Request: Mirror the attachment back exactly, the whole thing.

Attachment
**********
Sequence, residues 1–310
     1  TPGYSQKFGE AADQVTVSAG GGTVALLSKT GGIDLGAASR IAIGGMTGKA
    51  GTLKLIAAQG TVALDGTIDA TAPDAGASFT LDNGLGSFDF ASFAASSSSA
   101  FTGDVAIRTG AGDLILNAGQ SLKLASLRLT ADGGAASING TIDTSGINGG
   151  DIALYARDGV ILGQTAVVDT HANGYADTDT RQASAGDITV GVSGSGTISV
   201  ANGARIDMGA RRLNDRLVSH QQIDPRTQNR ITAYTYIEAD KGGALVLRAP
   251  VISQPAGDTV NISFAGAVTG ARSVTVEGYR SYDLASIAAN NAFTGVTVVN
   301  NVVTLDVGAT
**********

Sequence, residues 1–310
     1  TPGYSQKFGE AADQVTVSAG GGTVALLSKT GGIDLGAASR IAIGGMTGKA
    51  GTLKLIAAQG TVALDGTIDA TAPDAGASFT LDNGLGSFDF ASFAASSSSA
   101  FTGDVAIRTG AGDLILNAGQ SLKLASLRLT ADGGAASING TIDTSGINGG
   151  DIALYARDGV ILGQTAVVDT HANGYADTDT RQASAGDITV GVSGSGTISV
   201  ANGARIDMGA RRLNDRLVSH QQIDPRTQNR ITAYTYIEAD KGGALVLRAP
   251  VISQPAGDTV NISFAGAVTG ARSVTVEGYR SYDLASIAAN NAFTGVTVVN
   301  NVVTLDVGAT